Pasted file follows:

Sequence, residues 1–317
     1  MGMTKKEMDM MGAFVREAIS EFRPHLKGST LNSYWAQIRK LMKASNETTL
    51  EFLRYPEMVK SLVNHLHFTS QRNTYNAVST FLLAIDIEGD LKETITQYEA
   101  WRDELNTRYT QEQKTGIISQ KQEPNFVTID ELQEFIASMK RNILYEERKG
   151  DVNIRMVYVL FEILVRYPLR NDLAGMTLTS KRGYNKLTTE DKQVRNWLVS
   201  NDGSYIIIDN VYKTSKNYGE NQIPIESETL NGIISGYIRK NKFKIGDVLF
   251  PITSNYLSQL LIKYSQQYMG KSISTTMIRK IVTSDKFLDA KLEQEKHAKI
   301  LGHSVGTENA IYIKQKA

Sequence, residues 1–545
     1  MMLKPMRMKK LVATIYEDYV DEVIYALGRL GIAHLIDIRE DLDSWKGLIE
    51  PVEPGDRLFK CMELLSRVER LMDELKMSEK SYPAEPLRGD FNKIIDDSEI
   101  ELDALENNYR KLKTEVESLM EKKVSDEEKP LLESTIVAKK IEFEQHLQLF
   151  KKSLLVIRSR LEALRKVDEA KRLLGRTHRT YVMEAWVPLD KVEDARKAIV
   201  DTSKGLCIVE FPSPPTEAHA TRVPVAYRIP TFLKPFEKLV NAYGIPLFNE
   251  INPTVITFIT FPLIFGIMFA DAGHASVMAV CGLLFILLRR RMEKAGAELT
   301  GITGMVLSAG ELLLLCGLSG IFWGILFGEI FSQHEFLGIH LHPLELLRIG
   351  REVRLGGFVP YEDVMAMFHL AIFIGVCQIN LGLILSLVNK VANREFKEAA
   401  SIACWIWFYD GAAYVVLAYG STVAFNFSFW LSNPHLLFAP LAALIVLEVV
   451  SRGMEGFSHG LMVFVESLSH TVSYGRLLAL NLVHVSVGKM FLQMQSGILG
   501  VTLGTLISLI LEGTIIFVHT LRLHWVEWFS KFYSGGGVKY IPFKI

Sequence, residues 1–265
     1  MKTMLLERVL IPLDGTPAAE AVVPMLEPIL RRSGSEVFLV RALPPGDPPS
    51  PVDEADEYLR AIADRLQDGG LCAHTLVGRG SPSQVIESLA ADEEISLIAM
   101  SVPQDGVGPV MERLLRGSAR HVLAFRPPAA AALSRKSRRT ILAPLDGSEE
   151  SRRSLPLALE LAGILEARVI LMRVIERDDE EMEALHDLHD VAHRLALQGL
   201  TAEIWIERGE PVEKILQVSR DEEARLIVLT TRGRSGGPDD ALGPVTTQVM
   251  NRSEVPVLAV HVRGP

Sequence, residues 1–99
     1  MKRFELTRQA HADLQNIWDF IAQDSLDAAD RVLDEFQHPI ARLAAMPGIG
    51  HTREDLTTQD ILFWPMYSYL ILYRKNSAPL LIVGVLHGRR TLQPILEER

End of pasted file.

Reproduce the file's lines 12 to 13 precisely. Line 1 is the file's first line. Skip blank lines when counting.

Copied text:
   101  ELDALENNYR KLKTEVESLM EKKVSDEEKP LLESTIVAKK IEFEQHLQLF
   151  KKSLLVIRSR LEALRKVDEA KRLLGRTHRT YVMEAWVPLD KVEDARKAIV